130. I am a Spanish teacher at a High School in Coal Hill. My biggest problem with my classes is getting my students motivated and wanting to learn a foreign language. Our school has no Hispanic children and I feel that I want to teach ESL rather than Spanish because ESL students (or the ones that I have dealt with) are so excited to learn our language. How do you motivate English speakers to want to learn Spanish? It is more of a chore to them.

There are two types of motivators, and both types are related:
(1) EXTRINSIC motivators provide concrete reinforcers for the behaviors you desire.   Thus, you can constantly --and I mean "constantly" for a while-- reinforce your students with points, or prizes, or "happy faces," or anything you may wish to use as a positive reinforcer. I do NOT recommend candy or anything with sugar or chemicals, but stars, stickers, wonderful little things usually do serve rather well as reinforcers.

I use points in my classes. And I literally had to give points constantly to get the behaviors I wanted established. I still do and many positive behaviors have been established in my class. For example, students answer questions, they ASK questions, they participate actively in the learning activities, do not get off their seats, raise their hands, etc.

I must admit I get tired of giving points. I wish the behaviors would become permanent with just a few reinforcers. It is very hard to realize how much effort WE teachers need to put into establishing the behaviors we desire in our students. I am developing a different system for next semester when the students would keep track of their points. I hope the system would make it very easy for me to constantly give points.

EXTRINSIC motivators, however, ARE NOT enough. You also need:

(2) INTRINSIC motivators, that is, students who WANT to learn, with or without reinforcement from the teacher. Positive words are the only type of intrinsic motivators I know. Students need to learn to behave in ways that trigger in their minds positive words: "I raised my hand to ask a question. I am __________(Positive word)______________."

To establish behaviors the teacher uses extrinsic motivators. Then the teacher models the positive words --the intrinsic motivators. For example:
The teacher calls on a student who raised (h)is/er hand and spoke when given permission.   Teacher praises the student and gives (h)im/er a sticker. "Thanks, so-and-so!!!! You just earned this star! You are indeed very cooperative since in my class cooperative students always do what you did: raised their hand to ask a question."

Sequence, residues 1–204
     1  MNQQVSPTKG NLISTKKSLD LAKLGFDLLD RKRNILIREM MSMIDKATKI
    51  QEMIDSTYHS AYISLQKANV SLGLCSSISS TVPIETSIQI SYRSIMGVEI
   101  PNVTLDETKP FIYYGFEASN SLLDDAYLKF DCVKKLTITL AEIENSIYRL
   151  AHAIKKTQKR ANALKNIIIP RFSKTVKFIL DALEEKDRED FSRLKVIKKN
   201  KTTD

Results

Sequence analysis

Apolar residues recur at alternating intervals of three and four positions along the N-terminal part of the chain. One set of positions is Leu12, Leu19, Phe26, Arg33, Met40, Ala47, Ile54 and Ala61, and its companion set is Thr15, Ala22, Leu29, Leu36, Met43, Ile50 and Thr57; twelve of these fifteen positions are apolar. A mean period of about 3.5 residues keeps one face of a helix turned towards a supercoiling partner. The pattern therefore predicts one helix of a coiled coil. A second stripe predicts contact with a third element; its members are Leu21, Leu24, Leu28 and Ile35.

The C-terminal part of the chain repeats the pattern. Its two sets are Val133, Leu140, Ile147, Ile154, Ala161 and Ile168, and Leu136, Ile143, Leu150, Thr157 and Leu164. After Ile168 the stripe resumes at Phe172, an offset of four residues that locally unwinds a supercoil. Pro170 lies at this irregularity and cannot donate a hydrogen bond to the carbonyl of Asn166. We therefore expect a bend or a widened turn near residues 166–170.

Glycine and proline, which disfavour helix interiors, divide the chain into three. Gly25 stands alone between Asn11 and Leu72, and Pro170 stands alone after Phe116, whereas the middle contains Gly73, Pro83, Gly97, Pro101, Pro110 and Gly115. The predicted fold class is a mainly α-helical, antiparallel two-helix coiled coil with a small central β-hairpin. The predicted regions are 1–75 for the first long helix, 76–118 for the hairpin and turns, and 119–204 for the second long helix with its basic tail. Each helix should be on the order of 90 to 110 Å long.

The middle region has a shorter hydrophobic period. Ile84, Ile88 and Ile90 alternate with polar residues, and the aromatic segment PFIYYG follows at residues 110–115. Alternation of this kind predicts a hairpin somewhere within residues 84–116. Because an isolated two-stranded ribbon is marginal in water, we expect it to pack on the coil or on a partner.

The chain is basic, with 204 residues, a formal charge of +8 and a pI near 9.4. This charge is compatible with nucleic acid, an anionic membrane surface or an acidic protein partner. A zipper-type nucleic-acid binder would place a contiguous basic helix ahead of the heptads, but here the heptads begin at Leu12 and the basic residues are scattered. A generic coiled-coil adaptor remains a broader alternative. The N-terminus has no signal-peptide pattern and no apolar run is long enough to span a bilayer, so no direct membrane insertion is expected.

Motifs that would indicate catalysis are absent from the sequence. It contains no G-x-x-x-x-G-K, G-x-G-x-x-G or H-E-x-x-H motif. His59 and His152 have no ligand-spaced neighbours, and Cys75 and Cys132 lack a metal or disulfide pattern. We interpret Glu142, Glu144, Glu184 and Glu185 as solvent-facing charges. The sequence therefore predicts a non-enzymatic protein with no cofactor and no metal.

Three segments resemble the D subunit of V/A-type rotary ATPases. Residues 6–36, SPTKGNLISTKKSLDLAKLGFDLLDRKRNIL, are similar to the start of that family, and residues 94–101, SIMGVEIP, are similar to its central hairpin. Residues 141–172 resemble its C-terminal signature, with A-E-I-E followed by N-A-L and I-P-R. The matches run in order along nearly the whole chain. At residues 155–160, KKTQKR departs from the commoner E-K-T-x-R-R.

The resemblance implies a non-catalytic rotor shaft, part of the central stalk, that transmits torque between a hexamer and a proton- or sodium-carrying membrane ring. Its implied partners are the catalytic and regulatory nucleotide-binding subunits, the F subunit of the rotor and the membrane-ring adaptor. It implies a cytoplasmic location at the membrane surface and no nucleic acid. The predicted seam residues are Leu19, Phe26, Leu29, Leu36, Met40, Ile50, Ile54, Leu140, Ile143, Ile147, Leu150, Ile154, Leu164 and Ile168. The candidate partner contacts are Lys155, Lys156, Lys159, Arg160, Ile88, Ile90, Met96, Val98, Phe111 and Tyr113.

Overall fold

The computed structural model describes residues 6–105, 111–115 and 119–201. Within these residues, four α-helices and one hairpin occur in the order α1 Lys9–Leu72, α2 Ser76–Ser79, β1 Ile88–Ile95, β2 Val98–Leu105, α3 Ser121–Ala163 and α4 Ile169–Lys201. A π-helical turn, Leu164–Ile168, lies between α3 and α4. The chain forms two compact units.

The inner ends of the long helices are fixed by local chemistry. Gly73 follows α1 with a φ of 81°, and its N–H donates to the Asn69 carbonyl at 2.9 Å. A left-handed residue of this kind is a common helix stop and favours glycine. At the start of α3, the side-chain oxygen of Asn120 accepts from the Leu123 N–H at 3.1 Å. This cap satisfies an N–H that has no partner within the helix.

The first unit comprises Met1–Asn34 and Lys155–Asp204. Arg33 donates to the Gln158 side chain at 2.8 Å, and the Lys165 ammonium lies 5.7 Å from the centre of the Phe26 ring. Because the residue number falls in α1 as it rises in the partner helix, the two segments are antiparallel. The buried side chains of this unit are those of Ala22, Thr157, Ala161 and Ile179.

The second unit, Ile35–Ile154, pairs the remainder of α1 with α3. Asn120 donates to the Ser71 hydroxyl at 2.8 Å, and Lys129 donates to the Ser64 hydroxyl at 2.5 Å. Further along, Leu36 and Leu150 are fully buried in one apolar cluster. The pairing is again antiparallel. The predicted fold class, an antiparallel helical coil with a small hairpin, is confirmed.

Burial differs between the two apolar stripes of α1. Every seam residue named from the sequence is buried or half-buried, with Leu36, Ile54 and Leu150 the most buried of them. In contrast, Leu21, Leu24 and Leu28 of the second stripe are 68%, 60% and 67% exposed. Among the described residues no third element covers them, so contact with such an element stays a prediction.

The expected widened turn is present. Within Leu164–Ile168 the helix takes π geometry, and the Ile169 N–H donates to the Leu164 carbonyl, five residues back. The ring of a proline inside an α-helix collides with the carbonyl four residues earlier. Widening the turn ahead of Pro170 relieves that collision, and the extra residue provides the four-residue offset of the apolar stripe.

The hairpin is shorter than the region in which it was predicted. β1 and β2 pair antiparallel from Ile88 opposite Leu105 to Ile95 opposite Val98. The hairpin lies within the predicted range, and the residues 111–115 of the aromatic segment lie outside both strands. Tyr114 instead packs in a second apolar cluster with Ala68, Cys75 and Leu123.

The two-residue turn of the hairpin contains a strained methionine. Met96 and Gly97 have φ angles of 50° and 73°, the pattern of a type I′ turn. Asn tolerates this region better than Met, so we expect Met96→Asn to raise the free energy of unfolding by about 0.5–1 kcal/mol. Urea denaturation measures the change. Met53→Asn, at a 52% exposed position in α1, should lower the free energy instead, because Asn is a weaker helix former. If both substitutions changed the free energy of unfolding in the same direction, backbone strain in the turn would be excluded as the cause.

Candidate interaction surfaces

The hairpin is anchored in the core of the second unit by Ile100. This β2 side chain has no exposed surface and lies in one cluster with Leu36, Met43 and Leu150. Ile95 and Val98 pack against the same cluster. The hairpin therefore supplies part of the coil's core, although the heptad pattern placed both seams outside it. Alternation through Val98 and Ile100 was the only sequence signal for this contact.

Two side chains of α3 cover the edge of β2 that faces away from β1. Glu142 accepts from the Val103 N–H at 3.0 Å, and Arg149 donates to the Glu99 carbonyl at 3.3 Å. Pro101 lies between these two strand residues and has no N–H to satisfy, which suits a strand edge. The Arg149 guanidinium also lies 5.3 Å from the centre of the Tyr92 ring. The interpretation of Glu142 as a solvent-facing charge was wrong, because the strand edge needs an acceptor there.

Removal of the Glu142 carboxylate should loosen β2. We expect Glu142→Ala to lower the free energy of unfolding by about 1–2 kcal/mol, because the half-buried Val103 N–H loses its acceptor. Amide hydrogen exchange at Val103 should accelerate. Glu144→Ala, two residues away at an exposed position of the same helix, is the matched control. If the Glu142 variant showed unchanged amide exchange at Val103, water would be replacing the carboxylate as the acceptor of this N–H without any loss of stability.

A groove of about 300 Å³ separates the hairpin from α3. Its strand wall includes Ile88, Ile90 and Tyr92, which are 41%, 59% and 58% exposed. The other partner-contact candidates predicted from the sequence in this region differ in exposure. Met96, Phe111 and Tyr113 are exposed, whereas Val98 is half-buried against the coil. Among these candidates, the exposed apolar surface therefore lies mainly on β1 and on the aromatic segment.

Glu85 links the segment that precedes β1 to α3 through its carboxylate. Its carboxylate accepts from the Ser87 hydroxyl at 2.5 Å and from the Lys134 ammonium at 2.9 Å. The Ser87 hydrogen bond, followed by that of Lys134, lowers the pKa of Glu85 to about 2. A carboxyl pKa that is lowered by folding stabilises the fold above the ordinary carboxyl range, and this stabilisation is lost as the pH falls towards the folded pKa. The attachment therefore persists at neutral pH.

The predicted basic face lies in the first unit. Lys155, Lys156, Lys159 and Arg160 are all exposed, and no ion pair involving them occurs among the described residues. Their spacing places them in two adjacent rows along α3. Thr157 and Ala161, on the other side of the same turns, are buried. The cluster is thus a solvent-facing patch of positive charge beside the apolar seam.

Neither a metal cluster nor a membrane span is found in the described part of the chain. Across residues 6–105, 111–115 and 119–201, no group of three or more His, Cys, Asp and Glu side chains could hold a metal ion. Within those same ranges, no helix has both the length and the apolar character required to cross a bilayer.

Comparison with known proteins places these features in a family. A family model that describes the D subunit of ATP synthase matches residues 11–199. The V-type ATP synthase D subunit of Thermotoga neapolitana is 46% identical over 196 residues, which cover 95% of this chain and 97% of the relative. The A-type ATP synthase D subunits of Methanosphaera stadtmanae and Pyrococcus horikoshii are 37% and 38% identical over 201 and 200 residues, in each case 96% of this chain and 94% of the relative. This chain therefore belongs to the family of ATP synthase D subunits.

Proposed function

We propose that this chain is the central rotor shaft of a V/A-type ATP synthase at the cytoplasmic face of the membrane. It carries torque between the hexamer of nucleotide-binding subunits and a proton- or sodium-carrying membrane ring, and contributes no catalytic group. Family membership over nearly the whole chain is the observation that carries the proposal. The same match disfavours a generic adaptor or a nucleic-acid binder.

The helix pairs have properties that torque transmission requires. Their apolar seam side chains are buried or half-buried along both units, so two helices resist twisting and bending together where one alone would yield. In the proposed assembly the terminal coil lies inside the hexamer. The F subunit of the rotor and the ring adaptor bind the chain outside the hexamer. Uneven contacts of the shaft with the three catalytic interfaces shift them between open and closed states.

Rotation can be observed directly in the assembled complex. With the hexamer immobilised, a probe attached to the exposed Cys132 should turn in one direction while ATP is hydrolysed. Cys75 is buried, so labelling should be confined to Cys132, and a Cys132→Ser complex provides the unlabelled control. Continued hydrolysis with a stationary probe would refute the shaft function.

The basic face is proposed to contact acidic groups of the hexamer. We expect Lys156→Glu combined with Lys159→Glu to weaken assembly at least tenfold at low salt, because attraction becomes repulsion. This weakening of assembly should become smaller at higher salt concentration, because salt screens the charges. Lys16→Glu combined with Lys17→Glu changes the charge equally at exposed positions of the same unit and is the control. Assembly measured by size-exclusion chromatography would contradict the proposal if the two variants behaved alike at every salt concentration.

I can assure you that it takes a long time for students to perceive that the positive words are for them to say to themselves. You can help by asking: "Now, so-and-so, in my class cooperative students raise their hand to ask questions. You did, you raised your hand ONLY, so, what are you?" Hopefully the student would say "Cooperative, I am cooperative." The minute they begin to control themselves through their own language, teachers are no longer needed to motivate students. They would motivate themselves. BUT IT TAKES A LONG TIME AND LOTS of practice!!!!!!!

I posted pictures of my classroom on my Web Sites and you can see the way I handle EXTRINSIC and INTRINSIC motivators. For next year I will develop a system with the actual words, so that students will write sentences as homework, using the positive words I give them every day!!!!!

 

 


For more in-depth information, classroom demonstrations, and "coaching" of new and/or experienced teachers, Dr. CARMEN SANCHEZ SADEK offers:

1. Cognitive - Academic Language and Vocabulary Development
2. Cross Cultural Diversity - Multicultural Strategies
3. Effective Instruction for English Learners (L.E.P. students) Parts 1, 2, 3, 4
4. Promoting Academic Success in Language Minority Students
5. Cognitive - Academic Language and Vocabulary Development
6. Oral Language / Literacy Skills / Higher Order Thinking Skills
7. 50/50 Dual Language Programs: design, planning and implementation
8. The Structure of English / The Structure of Spanish
9. Transition: Introduction to English Reading

Web Site Programs for Teachers: Numbers 1, 5, 7, 8, and 9.
Web Site Programs for
Paraprofessionals: Number 3.
Web Site Programs for
New Teachers:
Enhanced Cultural Sensitivity - The Challenge of Students Diversity
Identifying / Responding to Students' Language Needs
Phonemic Awareness: Teaching English phonics to L.E.P. students
Relationship Between Reading, Writing and Spelling
Improving Reading Performance -- Building Oral Language Skills)

Write and e-mail any additional questions you may have, and Dr. CARMEN SANCHEZ SADEK will establish with you, your school or district a Technical Assistance Service Contract. Dr. CARMEN SANCHEZ SADEK will answer all your questions promptly and to your satisfaction.

 

For information and credentials please click on the link below or contact directly:

CARMEN SANCHEZ SADEK, Ph.D.

Educational Consultant, Program Evaluator

National Board for Professional Teaching Standards, Certification (12/2006)

3113 Malcolm Avenue, Los Angeles, California 90034-3406

Phone and Fax: (310) 474-5605

E-mail:  csssadek@gte.net